The November issue of The Redbud Post is all about finding balance, which seems to be such a challenge today whether you work for the church or not.
Balance between church/work and family. Balance between experienced and new members on committees, different gifts, different ethnic backgrounds, men and women, older, younger, and middle-aged. Balance of music styles in worship. Balance of chores and leisure time. Questions of balance seem to be everywhere.
I’m grateful that I was able to contribute a short article on this theme, but before I get to that, I’d like to highlight the rest of this timely issue. You’ll find the entire November edition on the home page for Redbud Writers Guild, but since that page is updated monthly with each new issue, I’m listing the articles below with their individual links so they can be more easily found at any time. I hope you’ll appreciate each of these as much as I do! I’m glad to highlight them here along with my own article below.
by Elizabeth Vale
With homeschooling, writing, church planting, and life in general, how do you find peace in the chaos?
These types of questions flooded my mind because when we started our home church and ministry directives, nothing else in our already busy schedule went away. We still had four kids who all had different activities. We still worked long hours at our day-to-day jobs. We still homeschooled our children. My husband still attended graduate school.
Our schedule didn’t change, but our call did.
by Taryn Hutchison
I’ve never experienced vertigo, and was only vaguely aware of the Epley Maneuver until I read this article, but it holds some important lessons about life balance too.
Why is my first inclination always to take control, get busy, and try to fix it? To do something? Anything! Instead, what I’m so often desperate for is to slow down. To stop. To just be.
That day, lying on the doctor’s table, I gave in. I stopped fidgeting. I lay there, breathing in, breathing out.
“Now it’s time for the next step,” the doctor said.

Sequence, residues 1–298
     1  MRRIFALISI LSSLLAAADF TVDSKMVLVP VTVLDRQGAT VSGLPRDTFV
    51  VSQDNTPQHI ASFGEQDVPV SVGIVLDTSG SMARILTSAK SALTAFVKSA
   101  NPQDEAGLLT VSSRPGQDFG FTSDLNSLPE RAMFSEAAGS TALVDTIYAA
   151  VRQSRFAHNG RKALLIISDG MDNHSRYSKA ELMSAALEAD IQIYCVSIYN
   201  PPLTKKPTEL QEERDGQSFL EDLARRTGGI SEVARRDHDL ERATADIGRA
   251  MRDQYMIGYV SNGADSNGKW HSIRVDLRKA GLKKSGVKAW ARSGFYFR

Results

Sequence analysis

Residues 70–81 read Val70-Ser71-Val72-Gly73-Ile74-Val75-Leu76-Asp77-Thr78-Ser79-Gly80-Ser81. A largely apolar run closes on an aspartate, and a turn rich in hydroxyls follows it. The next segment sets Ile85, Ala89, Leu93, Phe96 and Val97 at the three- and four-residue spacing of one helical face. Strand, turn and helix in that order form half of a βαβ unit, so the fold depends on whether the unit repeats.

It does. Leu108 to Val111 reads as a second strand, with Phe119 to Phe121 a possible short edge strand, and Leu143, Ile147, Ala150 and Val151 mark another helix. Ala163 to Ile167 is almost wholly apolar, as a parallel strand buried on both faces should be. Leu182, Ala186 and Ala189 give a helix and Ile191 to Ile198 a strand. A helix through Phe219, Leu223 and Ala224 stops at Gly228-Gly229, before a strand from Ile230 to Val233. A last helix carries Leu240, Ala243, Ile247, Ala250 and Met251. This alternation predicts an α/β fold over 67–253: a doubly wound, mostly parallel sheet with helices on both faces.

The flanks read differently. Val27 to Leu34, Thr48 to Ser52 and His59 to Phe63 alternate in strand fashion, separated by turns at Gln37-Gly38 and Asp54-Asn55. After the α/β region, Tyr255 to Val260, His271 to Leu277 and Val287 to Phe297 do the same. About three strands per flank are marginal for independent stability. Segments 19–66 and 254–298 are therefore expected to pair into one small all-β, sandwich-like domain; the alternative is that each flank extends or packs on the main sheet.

by Christine Litavsky
Exercise—both physical and spiritual—allows me to keep my perspective, health, and joy. Without these disciplines, I honestly don’t know how I would have navigated these past two decades. I may have made it through, but the path would have been much steeper, much darker, and much more hopeless.
by Kimberly Pelletier
What can we learn from chronic illness about the limits that all of us face–limits of time, energy, finances, and other human limitations?
I don’t know exactly when the crossover happened, but somewhere along this road, I crossed a bridge that changed everything. It’s a pedestrian bridge, in the dullest sense of the word, built brick by brick with the mundane moments of my daily limited life. Yet, walking over this bridge unveiled my eyes to see limitations utterly anew. . . . Crossing over this bridge I found the truth to be this: limitations are invitations, each one a bridge to transformation on the journey toward Christlikeness..
by Gina Butz
I’m not looking for balance in every day or every week. I’m looking for balance over my lifetime. I rest in the truth that God knows my way. He brings new purpose in each season, and I listen and respond to what that focus should be. He knows the healthy pace for me.
by Caroline Hinojosa-Cisneros
The only poem among the entries, and one which speaks powerfully to the dilemma of balance and the grace of God. Unfortunately, I’m not able to get the spacing right here, so please do click on the title to go to the original.
“How do you juggle it all?”
By the grace of God, there are flickers of hope in time
by April Yamasaki
As I moved through the buffet line, I tried to choose a well-balanced meal: half my plate for vegetables, one-quarter for protein, one-quarter for carbs. The selection of crisp salads, hot vegetables, perfect roast chicken, fresh bread, and rice made my dinner both healthy and delicious.
I used to think of living a well-balanced life in much the same way, as if I needed to choose just the right proportions of work, worship, and rest, time for family, time for friends, and time for me. My well-balanced life would be much like my well-balanced dinner plate, with a healthy variety of good things.
Only I didn’t always get the right combination. Between full-time pastoring, blogging, and book writing, some weeks I had way too much work and not enough rest. Or lots of family time but no time alone to think. Balance proved to be both elusive and precarious, for as soon as I thought I had it, everything seemed to shift. I found myself more off-balance than on.
Then one Sunday, I discovered a new way to think about balance.
To find out what I learned, please read the rest of my article that appears as part of The Redbud Post.
What helps you to find or re-gain your balance?
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